What espresso standards, fads, and trends have reversed over the years? - Page 2

Want to talk espresso but not sure which forum? If so, this is the right one.
User avatar
yakster
Supporter ♡

#11: Post by yakster » Aug 17, 2019, 11:10 am

Single shots seem to be regarded as worthwhile and not a waste of time by some more people.
-Chris

LMWDP # 272

TheMadTamper

#12: Post by TheMadTamper » Aug 19, 2019, 1:38 pm

Randy G. wrote:Insanity is relative.
This absolutely needs to make it into the quotable quotes!!!

Still, HB may be the "apex" but I'm still unconvinced that inherently means "pushing limits" in extreme ways in terms of experimentation. I think of that apex level as more a group dedicated to understanding the cause and effect, and learning what causes what effect. To that end, some of the obsessive measurements and such make a lot of sense for learning. But then it gets copied into the mainstream as the best way to do it, rather than a limited use test to test a theory. And from there becomes dogma. I mean I get your point, and you're right, but the swings from fad to fad, devout belief to devout belief seems to be comically excessive in the coffee world. I think at some point we formed this schism between "American specialty coffee" and "espresso." Italy and Europe, and adherents to that mindset went one way and continued finding ways to refine, refine, refine the already established concept. Meanwhile "American specialty coffee" and adherents to that mindset keep trying to radically reinvent espresso into something different, both for better and worse. But what makes it humorous is the radical swings back and forth, and the more than a little compulsive behavior associated with some of these swings, which then get discarded with an "I can't believe we ever did that" kind of mindset. And how fast the turnover is between One True Truth, and "pfft, that was so last year, this is the NEW One True Truth now!" Often, I think it has less to do with pushing the extremes of coffee, and more to do with internet culture and its effect on human behavior. :D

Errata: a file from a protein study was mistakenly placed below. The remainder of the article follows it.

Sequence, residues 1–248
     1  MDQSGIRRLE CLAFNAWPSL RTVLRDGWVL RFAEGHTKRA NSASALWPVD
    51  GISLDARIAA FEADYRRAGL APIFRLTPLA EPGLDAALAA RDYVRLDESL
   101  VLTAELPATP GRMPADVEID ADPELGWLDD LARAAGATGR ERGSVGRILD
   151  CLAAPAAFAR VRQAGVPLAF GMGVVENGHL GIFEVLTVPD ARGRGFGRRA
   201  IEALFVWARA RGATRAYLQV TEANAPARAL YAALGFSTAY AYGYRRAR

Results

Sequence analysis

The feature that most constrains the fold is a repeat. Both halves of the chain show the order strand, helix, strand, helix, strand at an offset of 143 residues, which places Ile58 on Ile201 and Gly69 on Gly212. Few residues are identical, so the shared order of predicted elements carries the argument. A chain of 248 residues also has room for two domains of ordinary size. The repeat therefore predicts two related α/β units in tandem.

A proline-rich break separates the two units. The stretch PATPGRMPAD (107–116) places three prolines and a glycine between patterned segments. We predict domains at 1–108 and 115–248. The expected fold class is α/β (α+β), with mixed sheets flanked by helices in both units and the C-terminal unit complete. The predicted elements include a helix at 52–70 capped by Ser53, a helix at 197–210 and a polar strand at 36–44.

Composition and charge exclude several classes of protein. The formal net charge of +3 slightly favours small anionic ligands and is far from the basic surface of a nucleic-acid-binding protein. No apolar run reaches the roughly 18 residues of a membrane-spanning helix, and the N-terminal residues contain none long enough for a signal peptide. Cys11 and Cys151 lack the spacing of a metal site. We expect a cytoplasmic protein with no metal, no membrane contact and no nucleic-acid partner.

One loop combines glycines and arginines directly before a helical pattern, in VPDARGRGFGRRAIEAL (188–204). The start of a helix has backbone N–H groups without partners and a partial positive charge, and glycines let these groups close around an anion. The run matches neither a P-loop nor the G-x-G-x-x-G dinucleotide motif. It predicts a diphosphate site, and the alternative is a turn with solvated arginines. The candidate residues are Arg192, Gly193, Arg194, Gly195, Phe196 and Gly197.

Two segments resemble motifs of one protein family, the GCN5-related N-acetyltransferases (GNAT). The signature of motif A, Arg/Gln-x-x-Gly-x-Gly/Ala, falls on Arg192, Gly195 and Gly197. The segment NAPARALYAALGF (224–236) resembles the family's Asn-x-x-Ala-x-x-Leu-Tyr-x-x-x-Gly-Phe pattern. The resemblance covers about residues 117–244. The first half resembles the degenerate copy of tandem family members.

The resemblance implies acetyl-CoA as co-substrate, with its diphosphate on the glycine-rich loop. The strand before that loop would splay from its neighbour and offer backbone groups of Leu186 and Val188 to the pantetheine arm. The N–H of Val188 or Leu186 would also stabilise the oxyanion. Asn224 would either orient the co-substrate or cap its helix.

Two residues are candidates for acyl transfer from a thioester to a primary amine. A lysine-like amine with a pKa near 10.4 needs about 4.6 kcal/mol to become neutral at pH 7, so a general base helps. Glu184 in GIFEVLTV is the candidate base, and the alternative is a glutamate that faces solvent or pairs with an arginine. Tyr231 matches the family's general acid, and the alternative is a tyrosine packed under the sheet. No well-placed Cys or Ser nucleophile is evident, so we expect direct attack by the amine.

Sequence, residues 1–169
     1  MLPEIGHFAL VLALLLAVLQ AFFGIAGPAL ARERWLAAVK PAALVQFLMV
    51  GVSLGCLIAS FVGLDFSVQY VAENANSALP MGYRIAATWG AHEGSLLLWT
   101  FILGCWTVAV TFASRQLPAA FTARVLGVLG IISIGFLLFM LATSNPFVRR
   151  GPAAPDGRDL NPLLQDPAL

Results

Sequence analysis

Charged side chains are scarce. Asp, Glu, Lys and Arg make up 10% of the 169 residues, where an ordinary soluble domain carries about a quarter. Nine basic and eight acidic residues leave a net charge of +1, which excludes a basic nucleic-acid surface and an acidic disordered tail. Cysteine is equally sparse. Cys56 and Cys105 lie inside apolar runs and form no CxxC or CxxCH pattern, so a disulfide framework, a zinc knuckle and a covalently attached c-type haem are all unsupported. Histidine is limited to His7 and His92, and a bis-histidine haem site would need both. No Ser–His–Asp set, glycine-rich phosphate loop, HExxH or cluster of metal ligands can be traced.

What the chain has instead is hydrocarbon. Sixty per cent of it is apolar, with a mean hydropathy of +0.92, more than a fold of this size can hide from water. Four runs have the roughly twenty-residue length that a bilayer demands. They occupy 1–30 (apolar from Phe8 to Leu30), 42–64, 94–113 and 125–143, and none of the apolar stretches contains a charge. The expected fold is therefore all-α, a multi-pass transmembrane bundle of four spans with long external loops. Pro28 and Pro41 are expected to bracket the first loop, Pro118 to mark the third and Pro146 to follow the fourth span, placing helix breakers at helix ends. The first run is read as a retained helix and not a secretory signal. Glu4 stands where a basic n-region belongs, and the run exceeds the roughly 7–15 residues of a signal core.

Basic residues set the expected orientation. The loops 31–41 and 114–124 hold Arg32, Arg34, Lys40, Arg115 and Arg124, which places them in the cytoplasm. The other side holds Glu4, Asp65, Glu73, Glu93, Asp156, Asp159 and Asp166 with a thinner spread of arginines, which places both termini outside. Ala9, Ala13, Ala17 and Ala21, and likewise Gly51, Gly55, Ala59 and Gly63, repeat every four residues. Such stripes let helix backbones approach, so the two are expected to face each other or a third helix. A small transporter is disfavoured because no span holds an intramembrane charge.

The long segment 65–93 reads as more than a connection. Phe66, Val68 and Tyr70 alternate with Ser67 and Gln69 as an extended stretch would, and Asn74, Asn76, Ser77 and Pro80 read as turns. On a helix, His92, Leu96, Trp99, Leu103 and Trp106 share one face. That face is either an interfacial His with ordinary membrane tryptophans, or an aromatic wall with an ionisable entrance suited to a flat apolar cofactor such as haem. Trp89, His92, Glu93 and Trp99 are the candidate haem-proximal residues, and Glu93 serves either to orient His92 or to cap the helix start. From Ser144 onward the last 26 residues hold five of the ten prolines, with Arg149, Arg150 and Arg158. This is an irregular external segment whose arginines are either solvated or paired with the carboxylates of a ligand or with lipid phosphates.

Espresso_Junky wrote:TOTALLY agree on the practice of weighing the extraction output and coming up with ratios. Some seem to think that's the only way to dial espresso in consistently and I would agree it might be for newbies. I've done enough espresso over many years on all sorts of equipment that I can dial any coffee in to my liking based on instinct. Another topic that gets quite old is the thinking that espresso has rules that just have to be followed to make it 'proper'... Taste is subjective and there is no right/wrong at the end of the day. All that will ever matter is the espresso satisfying the user.
You raise a great point about experience, and dialing based on that developed instinct. Once you get to a certain familiarity with everything, it's almost impossible to pull a bad shot, because you always know how to adjust what you want. And yet, most of the HB membership would be in that camp, and certainly the professionals the ratio measurements are drummed into should be at that point as well. But we have the dogma of ratios currently. We went from overdose and underextract everything! in the Schomer era Jim mentioned, to the current "meticulously measure ratios on a scale to ensure maximum extraction!" that seems to be the current fad. I mean the big promotional tool for every vendor from Clive to EPNW of all places is free waterproof scales........we've gone that far!

I'll weigh my beans and single dose the one grinder (most of the time) mainly because if I don't I get results varied up to and including "tamper doesn't fit in the basket, puck contacts screen" but beyond that, I find it safe to ignore measurements, ratios, extraction yields, guidelines, and even "kill the shot on blonding", opting for a traditional liquid volume in the cup goal usually, and all I seem to do is have yummy, yummy espresso, cup after cup. Maybe I'm doing it wrong? :wink: